- More than 2,600 cars were auctioned in Scottsdale, Arizona, for a combined $248 million.
- Eighty-four percent of the cars put up for auction were sold, about even with last year's rate.
- The sales total fell 5 percent from 2017.
The largest classic car auction of the year just wrapped up in Scottsdale, Arizona, with more than 2,600 cars selling for a combined $248 million.
While there was strong bidding for muscle cars and vintage trucks, bids for the top-priced Jaguars and Ferraris were more subdued.
Of the 3,176 classic cars offered up for sale by the various auction companies at the 2018 Arizona Collector Car Auctions, 2,668 sold, for a sales rate of 84 percent — about even with last year. But the sales total of $247.8 million was down 5 percent from 2017, according to Hagerty, the classic car insurance and research company.
Yet almost all of the weakness was at the very top of the market. Two Jaguar D-Types that were the most expensive cars offered for sale at Scottsdale failed to sell at auction, missing their minimum bids. The 1954 Jaguar D-Type offered by RM Sotheby's, which had been raced by famed racing driver Stirling Moss, topped out at a top bid of $9.8 million, well below the estimate of $12 million to $15 million. A 1956 D-Type being sold by Gooding & Co., which was once owned by the manager of Led Zeppelin, reached a high bid of $8.85 million, just below its estimate of $10 million to $12 million.
Analysts say that while the surging stock market and tax cuts are helping the wealthy and boosting their spending confidence, prices for the top cars were so high in 2014 and 2015 that they were bound to return to earth.
What's more, a provision in the new tax law that prevents "value-in-kind exchanges" for cars has crimped sales at the top. Previously, collectors were allowed to sell one car and buy another of equal or greater value without paying a capital gains tax.
Half as many cars sold for $3 million or more this year compared with last year, according to Hagerty.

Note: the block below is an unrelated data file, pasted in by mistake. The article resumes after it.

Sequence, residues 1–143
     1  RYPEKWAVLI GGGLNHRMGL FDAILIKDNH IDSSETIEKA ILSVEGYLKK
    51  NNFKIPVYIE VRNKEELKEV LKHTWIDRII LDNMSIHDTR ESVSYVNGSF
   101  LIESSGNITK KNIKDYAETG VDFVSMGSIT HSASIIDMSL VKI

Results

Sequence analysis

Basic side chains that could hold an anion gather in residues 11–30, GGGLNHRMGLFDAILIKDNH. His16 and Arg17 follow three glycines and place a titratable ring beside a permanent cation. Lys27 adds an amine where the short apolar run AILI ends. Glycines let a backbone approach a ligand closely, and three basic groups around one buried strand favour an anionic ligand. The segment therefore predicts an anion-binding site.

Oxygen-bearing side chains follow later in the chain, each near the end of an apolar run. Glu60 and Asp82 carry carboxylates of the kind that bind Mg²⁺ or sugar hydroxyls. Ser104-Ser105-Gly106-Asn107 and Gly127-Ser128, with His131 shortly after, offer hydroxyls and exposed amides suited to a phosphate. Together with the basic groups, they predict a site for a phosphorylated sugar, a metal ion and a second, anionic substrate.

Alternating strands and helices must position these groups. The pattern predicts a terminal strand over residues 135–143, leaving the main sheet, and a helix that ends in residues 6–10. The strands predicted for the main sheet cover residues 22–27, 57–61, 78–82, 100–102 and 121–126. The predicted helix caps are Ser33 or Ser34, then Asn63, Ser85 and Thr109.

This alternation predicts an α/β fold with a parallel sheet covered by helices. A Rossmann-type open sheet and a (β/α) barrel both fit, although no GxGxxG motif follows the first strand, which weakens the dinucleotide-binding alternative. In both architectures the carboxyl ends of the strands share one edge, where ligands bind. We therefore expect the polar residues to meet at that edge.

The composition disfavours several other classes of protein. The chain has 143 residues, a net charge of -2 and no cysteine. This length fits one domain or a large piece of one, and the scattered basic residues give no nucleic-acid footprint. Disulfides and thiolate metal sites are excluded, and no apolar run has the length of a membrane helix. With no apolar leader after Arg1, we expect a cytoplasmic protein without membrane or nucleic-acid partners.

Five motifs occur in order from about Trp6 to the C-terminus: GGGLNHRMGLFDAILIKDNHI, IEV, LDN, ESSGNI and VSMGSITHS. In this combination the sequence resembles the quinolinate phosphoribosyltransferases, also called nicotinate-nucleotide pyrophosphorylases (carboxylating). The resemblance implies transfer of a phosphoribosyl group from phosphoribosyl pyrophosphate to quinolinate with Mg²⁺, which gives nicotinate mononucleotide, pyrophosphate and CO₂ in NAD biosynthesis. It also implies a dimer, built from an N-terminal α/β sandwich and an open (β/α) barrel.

"At the higher rungs on the pricing ladder, results weren't as strong," Hagerty said. "Further struggles were specifically seen in the $2 million to $5 million range, all of which could indicate a softening in the market."
Yet while the buyers of $15 million Jaguars and $20 million Ferraris have pulled back, the market for old trucks, muscle cars and American classics remains strong. Demand for classic Corvettes, Mustangs and Camaros was strong. Hagerty said 1968-1982 C3 Chevrolet Corvettes, the first generation 1967-69 Chevrolet Camaros and Fox-body 1979-1993 Mustangs were among the best performers.
Vintage trucks and SUVs are also doing surprisingly well. Auctioneer Barrett-Jackson sold a 1948 Dodge Power Wagon for $74,800, while early Ford Broncos are selling for $50,000.
Cars that were sold for charity also fared well. Former President George W. Bush, Jay Leno and Chad McQueen (son of Steve McQueen) helped auction off a 2017 Ford GT for $2.55 million, a 2018 Corvette Carbon Fiber 65 Edition for $1.4 million and the first production 2019 Corvette ZR1 for $925,000. The proceeds from the sales went to various charities.
Here are the top 10 most expensive cars sold in Arizona, along with the auction companies.
- 1965 Ferrari 275 GTB Speciale Coupe sold for $8,085,000 (Gooding & Co.)
- 1958 Porsche 550A Spyder sold for $5,170,000 (Bonhams)
- 1954 Ferrari 500 Mondial Spider sold for $4,455,000 (Gooding & Co.)
- 1931 Bugatti Type 55 Roadster sold for $4,070,000 (Gooding & Co.)
- 1966 Shelby Cobra 427 S/C Roadster sold for $2,947,500 (RM Sotheby's)
- 1972 Ferrari 365 GTS/4 Daytona Spider sold for $2,640,000 (Bonhams)
- 1967 Ferrari 330 GTS Spider sold for $2,530,000 (Gooding & Co.)
- 2017 Ford GT Coupe sold for $2,500,000 (Barrett-Jackson for charity)
- 2014 Pagani Huayra Coupe sold for $2,090,000 (Gooding & Co.)
- 1948 Tucker 48 Sedan sold for $1,792,500 (RM Sotheby's)